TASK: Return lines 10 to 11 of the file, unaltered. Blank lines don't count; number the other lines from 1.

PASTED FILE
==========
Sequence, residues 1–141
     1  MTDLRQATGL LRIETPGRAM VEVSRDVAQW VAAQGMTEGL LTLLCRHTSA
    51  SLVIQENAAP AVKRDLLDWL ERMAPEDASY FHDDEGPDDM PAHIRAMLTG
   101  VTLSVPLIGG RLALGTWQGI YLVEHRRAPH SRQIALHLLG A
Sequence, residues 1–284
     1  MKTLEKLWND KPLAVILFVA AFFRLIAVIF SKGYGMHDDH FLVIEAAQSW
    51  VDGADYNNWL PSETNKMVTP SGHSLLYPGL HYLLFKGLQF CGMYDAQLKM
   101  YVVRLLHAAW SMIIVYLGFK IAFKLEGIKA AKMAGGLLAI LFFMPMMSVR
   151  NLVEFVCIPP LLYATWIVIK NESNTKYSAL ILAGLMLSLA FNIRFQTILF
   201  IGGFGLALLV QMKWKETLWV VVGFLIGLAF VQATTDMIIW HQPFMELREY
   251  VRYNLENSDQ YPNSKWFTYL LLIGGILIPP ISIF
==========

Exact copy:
   201  IGGFGLALLV QMKWKETLWV VVGFLIGLAF VQATTDMIIW HQPFMELREY
   251  VRYNLENSDQ YPNSKWFTYL LLIGGILIPP ISIF